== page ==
Nov. 8, 2019
On Oct. 23, over two dozen members of Congress forced their entry into the congressional Sensitive Compartmented Information Facility (SCIF) with the alleged intent to participate in (or otherwise derail) a classified House Intelligence Committee deposition of a witness as part of ongoing impeachment investigations. In carrying out this action, the participating members of Congress violated a number of security and procedural norms that are essential to the SCIF’s purpose and legitimacy.
Detailed here, an SCIF’s requirements—both for material design and behavioral standards—are crafted to protect America’s national security interests. The members who “stormed” the SCIF not only failed to respect and acknowledge these rules, they introduced additional security threats by entering with their smartphones. Some even attempted to livestream and tweet from within the facility.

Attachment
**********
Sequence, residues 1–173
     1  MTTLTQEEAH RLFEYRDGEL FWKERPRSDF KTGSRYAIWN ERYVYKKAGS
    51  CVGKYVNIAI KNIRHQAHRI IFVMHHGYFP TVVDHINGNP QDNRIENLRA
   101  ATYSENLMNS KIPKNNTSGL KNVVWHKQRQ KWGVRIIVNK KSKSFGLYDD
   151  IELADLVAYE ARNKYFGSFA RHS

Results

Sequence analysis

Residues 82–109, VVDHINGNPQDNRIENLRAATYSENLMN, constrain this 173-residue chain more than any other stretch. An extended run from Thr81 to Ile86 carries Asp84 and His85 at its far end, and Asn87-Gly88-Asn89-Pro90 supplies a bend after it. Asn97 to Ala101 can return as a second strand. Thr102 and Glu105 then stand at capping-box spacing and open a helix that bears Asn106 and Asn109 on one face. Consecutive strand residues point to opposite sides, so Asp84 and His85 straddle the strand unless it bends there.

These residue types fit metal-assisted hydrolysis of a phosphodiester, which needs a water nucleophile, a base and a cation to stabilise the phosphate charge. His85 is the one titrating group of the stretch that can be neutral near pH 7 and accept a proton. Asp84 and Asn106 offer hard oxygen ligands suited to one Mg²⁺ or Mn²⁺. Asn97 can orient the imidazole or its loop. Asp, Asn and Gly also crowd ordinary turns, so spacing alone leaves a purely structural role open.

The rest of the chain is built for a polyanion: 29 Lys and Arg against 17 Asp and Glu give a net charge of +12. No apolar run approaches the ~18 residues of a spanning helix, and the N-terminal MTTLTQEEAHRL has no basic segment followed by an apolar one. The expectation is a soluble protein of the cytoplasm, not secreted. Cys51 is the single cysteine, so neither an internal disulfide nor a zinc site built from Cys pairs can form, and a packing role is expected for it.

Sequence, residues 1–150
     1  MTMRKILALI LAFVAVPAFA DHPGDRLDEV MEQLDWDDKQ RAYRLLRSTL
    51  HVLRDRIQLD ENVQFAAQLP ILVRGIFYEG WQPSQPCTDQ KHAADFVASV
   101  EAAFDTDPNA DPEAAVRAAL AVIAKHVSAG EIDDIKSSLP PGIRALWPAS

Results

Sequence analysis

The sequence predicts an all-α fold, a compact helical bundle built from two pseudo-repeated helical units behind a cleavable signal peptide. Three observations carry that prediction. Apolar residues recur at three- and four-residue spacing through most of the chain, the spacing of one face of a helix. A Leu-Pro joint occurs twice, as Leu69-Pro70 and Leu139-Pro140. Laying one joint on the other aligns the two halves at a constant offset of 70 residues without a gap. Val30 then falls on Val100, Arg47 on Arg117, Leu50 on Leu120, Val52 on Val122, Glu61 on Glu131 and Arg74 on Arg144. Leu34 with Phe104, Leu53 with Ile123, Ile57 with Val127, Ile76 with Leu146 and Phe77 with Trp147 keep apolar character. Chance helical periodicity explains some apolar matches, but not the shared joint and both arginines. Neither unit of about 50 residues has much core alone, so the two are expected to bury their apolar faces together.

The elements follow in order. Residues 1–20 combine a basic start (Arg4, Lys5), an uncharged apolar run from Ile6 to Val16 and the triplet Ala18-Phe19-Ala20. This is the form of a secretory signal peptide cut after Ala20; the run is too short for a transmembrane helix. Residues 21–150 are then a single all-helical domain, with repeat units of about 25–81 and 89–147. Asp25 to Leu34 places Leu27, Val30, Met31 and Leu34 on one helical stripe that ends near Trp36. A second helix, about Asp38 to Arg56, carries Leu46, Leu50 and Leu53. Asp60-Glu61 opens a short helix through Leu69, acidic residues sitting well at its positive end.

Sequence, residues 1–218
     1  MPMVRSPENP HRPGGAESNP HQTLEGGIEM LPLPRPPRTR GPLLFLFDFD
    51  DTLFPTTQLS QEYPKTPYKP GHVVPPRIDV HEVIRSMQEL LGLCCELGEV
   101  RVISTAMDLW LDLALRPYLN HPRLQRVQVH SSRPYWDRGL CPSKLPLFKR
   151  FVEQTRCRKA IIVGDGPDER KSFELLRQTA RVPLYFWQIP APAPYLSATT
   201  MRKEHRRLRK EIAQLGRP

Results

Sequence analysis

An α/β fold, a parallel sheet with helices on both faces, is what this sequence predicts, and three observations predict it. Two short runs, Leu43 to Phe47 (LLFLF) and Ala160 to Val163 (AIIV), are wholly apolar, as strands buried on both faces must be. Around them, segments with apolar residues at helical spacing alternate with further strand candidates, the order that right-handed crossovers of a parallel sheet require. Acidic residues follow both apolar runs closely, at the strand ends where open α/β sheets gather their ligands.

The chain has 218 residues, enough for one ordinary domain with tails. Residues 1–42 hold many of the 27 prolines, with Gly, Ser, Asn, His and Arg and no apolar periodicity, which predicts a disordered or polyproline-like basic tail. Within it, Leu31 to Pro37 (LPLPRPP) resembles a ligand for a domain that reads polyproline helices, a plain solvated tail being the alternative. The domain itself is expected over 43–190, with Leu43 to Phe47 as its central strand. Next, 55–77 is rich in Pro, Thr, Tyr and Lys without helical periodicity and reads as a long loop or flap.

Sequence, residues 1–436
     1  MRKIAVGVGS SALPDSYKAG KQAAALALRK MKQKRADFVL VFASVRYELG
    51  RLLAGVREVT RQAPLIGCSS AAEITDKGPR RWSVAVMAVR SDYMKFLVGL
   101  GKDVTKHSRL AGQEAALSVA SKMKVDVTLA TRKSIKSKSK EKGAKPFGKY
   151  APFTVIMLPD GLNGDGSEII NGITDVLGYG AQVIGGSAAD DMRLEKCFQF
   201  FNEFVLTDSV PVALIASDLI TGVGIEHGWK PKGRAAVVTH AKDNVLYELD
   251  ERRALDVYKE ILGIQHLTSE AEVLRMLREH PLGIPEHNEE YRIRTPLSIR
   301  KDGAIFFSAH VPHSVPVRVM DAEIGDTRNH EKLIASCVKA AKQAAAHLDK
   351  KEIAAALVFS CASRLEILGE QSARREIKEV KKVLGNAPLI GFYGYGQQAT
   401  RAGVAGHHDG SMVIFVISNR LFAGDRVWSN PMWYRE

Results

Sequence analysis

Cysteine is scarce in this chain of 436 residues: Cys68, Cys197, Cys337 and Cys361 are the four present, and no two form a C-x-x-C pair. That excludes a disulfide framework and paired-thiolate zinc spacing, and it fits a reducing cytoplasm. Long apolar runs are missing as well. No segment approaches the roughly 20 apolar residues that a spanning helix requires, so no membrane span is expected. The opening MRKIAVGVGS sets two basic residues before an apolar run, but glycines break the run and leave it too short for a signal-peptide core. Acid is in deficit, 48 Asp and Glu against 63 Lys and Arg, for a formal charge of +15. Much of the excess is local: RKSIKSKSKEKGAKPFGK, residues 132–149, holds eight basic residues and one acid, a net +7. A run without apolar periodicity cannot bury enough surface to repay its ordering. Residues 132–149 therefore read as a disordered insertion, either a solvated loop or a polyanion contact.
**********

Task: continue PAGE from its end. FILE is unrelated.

Regardless of political motivation, our lawmakers ought to respect the rules and processes established by Congress and the National Security and Counterintelligence Center to guarantee our national security. While a group of congressmen bringing cell phones into an SCIF could be painted as a minor infraction, the blatant violation of a well-known rule sets a concerning precedent as Congress enters an ever-more politicized chapter of the impeachment inquiry.
Additionally, the members’ attempts to physically force their participation in a closed-door deposition raises ethical and normative concerns regarding the members’ respect for the institutional framework of committee jurisdiction and witness protection. Moving forward, any infraction against SCIF regulations should not be tolerated.